## Definitions

### Posterior Probability

The posterior probability of the classification at a node is the number of training sequences that lead to that node with this classification, divided by the number of training sequences that lead to that node.

For example, consider classifying a predictor `X` as `true` when `X`<`0.15` or `X`>`0.95`, and `X` is false otherwise.

1. Generate 100 random points and classify them:

```rng(0) % For reproducibility X = rand(100,1); Y = (abs(X - .55) > .4); tree = fitctree(X,Y); view(tree,'Mode','graph') ```

2. Prune the tree:

```tree1 = prune(tree,'Level',1); view(tree1,'Mode','graph') ```

The pruned tree correctly classifies observations that are less than 0.15 as `true`. It also correctly classifies observations between .15 and .94 as `false`. However, it incorrectly classifies observations that are greater than .94 as `false`. Therefore the score for observations that are greater than .15 should be about .05/.85=.06 for `true`, and about .8/.85=.94 for `false`.

3. Compute the prediction scores for the first 10 rows of `X`:

```[~,score] = predict(tree1,X(1:10)); [score X(1:10,:)] ```
```ans = 0.9059 0.0941 0.8147 0.9059 0.0941 0.9058 0 1.0000 0.1270 0.9059 0.0941 0.9134 0.9059 0.0941 0.6324 0 1.0000 0.0975 0.9059 0.0941 0.2785 0.9059 0.0941 0.5469 0.9059 0.0941 0.9575 0.9059 0.0941 0.9649 ```

Indeed, every value of `X` (the rightmost column) that is less than 0.15 has associated scores (the left and center columns) of `0` and `1`, while the other values of `X` have associated scores of `0.94` and `0.06`.

## Examples

collapse all

### Compute Number of Misclassified Observations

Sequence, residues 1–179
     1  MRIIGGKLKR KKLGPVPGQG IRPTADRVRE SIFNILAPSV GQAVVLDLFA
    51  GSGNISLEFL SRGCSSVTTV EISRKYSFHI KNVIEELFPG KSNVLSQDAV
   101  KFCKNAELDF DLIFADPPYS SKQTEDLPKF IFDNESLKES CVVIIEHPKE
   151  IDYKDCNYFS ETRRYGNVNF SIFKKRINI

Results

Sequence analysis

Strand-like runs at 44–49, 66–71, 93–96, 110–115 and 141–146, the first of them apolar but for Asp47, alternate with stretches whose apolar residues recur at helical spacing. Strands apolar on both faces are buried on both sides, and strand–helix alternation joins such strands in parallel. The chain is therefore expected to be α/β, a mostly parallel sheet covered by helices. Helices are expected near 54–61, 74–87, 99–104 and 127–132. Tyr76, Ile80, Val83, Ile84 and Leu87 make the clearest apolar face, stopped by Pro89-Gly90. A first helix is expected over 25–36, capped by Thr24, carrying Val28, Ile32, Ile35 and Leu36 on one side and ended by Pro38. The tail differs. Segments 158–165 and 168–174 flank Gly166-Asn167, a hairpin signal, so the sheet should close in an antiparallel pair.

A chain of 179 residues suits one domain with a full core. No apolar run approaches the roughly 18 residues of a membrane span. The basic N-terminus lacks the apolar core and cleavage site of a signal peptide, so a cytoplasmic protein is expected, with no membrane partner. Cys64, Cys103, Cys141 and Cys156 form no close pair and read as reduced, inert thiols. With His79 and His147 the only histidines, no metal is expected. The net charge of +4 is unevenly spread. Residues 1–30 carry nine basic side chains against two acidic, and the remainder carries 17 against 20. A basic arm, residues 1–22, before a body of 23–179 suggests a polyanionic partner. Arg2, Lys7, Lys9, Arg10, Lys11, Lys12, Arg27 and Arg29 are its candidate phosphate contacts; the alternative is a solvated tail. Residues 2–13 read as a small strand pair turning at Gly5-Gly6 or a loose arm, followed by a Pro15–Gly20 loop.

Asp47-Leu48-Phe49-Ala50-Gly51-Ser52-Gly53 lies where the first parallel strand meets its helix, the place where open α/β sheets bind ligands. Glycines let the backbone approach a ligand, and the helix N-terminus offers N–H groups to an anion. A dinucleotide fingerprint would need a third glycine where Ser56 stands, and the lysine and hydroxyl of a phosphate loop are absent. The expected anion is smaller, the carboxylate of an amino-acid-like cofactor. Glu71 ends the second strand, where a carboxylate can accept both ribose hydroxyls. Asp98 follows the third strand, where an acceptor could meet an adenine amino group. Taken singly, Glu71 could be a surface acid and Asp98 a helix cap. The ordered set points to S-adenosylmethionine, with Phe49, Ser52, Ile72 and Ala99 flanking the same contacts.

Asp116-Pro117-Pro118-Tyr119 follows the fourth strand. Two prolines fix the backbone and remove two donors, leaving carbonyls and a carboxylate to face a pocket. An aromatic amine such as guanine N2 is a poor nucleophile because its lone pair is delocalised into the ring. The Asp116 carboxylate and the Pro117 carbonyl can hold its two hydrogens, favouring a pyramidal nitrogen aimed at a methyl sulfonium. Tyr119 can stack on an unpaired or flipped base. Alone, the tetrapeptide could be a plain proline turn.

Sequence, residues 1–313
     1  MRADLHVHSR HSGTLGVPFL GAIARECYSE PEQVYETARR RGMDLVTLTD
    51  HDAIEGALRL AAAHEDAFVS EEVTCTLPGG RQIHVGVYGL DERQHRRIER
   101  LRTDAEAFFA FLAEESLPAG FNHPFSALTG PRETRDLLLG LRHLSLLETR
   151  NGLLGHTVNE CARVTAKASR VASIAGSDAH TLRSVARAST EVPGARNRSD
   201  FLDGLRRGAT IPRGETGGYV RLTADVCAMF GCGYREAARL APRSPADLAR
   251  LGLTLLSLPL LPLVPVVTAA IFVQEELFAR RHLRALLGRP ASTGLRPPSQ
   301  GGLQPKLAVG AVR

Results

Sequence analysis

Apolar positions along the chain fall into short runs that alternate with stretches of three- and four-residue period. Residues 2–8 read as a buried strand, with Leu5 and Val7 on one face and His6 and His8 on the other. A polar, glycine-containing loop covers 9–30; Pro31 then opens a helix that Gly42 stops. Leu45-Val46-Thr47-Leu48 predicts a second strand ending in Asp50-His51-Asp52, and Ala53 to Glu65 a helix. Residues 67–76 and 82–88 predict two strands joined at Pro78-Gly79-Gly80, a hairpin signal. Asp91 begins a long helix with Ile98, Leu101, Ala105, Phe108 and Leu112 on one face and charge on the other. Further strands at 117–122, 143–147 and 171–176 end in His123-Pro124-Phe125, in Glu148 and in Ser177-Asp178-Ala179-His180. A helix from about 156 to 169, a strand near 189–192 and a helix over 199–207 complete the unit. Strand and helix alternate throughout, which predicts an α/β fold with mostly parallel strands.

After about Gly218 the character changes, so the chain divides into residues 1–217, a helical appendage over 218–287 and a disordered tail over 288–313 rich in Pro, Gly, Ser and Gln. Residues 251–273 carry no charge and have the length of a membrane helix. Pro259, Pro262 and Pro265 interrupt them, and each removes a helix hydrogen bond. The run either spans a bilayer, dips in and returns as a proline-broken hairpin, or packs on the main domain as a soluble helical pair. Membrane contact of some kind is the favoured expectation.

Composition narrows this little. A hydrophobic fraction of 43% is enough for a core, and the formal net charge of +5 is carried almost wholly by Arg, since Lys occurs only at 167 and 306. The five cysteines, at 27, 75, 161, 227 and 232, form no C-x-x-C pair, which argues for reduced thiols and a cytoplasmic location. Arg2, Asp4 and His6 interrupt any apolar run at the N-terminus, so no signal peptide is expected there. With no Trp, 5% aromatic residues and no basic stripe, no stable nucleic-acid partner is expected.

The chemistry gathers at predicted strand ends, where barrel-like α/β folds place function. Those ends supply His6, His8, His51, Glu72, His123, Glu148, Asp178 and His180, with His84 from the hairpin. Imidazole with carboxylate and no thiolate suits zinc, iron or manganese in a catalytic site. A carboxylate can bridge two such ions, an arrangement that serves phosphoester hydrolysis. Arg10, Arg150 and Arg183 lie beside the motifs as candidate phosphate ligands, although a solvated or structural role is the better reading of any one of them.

Find the total number of misclassifications of the Fisher iris data for a classification tree.

```load fisheriris tree = fitctree(meas,species); Ypredict = resubPredict(tree); % The predictions Ysame = strcmp(Ypredict,species); % True when == sum(~Ysame) % How many are different? ```
```ans = 3 ```

### Compare In-Sample Posterior Probabilities for Each Subtree

Load Fisher's iris data set. Partition the data into training (50%)

```load fisheriris ```

Grow a classification tree using the all petal measurements.

```Mdl = fitctree(meas(:,3:4),species); n = size(meas,1); % Sample size K = numel(Mdl.ClassNames); % Number of classes ```

View the classification tree.

```view(Mdl,'Mode','graph'); ```

The classification tree has four pruning levels. Level 0 is the full, unpruned tree (as displayed). Level 4 is just the root node (i.e., no splits).

Estimate the posterior probabilities for each class using the subtrees pruned to levels 1 and 3.

```[~,Posterior] = resubPredict(Mdl,'SubTrees',[1 3]); ```

`Posterior` is an `n`-by- `K`-by- 2 array of posterior probabilities. Rows of `Posterior` correspond to observations, columns correspond to the classes with order `Mdl.ClassNames`, and pages correspond to pruning level.

Display the class posterior probabilities for iris 125 using each subtree.

```Posterior(125,:,:) ```
```ans(:,:,1) = 0 0.0217 0.9783 ans(:,:,2) = 0 0.5000 0.5000 ```

The decision stump (page 2 of `Posterior`) has trouble predicting whether iris 125 is versicolor or virginica.